Tag: poetry

uneven by design


Visited the Writers’ Museum just off the Royal Mile in Edinburgh today. The museum is dedicated to Robbie Burns, Walter Scott and Robert Louis Stevenson, and sits to one side of Makars’ Court, which is itself paved with stones that have been engraved with quotes by many Scottish writers and poets.

But the thing that caught my imagination in the museum was this pink stairwell, with its white painted step. There was a warning sign that read: Beware the 11th step onwards...

Apparently the steps are uneven by design, so that an intruder might stumble and betray their presence. For some reason this made me think about metrical regularity versus open form. And from there it was but a short stumble to the kinetic pleasure of walking outdoors on an uneven floor.

It seems to me that the two have more than a little in common.



And Muich Dui’s summit,  /  Rock defiant against frost and the old grinding of ice

(Nan Shepherd ‘The Hill Burns’)

‘some broken bit of flotsam for other men to find’ – Vagaland (1909-73)


Passing through Walls, or more correctly Waas (see note*) I popped into the local shop on the off chance someone might be able to direct me to a monument or plaque to the poet Vagaland who’d lived here for most of his life. Several people came in while we were chatting and offered theories for the location of his house, and it became quite the conversation, with one man quoting in dialect a fragment of his verse. In the end it was decided that the proprietor should phone another member of the village who in turn suggested I came over. And so it was I found myself on Sheila’s couch leafing through these lovely first editions, while she chatted about Vagaland’s life.

T.A. Robertson, who would go on to adopt the local name Vagaland for his poetry (it being the old Norse for Waas) was a keen walker and was instrumental in the formation of the Shetland Folk Society. Many of his poems are in dialect, with several later set to music. Sheila said that there would always be someone reciting or singing something of his at community events. Her own favourite was ‘Da Otter an da Hedgehug’ which I love for introducing me to the Shetlandic spelling of ‘hedgehog’ and for the lines –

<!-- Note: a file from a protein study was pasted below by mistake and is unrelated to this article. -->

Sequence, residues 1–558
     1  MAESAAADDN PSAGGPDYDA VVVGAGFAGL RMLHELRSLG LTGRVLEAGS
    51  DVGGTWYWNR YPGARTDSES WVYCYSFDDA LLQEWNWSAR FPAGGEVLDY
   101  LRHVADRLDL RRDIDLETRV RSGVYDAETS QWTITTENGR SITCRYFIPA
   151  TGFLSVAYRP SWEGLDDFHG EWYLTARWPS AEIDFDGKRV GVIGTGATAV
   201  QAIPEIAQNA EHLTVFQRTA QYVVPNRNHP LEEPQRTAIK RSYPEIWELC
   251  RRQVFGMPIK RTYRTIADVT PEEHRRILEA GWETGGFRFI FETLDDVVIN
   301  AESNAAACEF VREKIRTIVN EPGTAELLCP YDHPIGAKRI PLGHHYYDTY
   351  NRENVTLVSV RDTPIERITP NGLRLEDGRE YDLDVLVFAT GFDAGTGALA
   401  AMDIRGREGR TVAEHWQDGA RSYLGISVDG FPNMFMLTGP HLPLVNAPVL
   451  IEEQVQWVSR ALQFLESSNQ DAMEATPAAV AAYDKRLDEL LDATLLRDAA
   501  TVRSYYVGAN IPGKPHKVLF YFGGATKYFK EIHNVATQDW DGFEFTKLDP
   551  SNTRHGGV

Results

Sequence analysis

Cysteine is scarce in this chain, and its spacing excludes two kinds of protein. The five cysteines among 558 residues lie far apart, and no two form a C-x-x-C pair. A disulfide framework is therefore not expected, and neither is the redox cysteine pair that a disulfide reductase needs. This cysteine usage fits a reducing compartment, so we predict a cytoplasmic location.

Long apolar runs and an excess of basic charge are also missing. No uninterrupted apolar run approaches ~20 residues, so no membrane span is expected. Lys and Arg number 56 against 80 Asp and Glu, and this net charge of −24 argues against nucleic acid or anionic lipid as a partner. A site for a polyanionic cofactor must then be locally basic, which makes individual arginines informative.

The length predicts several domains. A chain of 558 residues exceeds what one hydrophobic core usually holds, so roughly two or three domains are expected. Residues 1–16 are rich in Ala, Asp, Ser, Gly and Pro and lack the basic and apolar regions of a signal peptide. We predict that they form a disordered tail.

…an da Hedgehug answered him, / ‘Der mony a shange in a Simmer Dim, / Lat alane in a Winter’s nicht. / Some day de world will be pitten richt.’

I thought it curious at first that a shy and softly spoken man would adopt what would seem to be a rather flamboyant pseudonym. But I wonder now if he simply saw himself only as a conduit for the land around him and its life, and therefore didn’t feel he could claim it as his own. So in fact to use ‘Vagaland’ was the very opposite of flamboyance, and a simple way of returning his poems to their source.

Many thanks to T.A. Robertson, and to Sheila and to everyone at the excellently stocked Waas village shop!

T. A. Robertson

[*Note: Walls is a good example of the cheeky fallibility of the OS, who added the ‘ll’ to Waas thinking it was a corruption of Walls, which it wasn’t.]

‘a work for poets’


Between ferries on my way to the Shetlands I made a quick detour to the Warbeth churchyard in Stromness to pay my respects to George Mackay Brown (1921-1996) He took a little while to find, depsite a noisy oyster catcher’s best efforts to squawk me the way, but I got there. My picture’s not that clear, but the stone reads: Carve the runes then be content with silence.

Rob Donn Country – Strathnaver Museum



(a selection of tiles inspired by the illiterate, Scottish Gaelic poet Rob Donn (1714-78), made by students of Kinlochbervie and Farr High Schools, with ceramicist, Lottie Globb)

Fair Duncan of the Songs



(Duncan Ban MacIntyre (1724–1812) best known for his poem about Beinn Dorain,  ‘Moladh Beinn Dòbhrain’)


Dalmally Station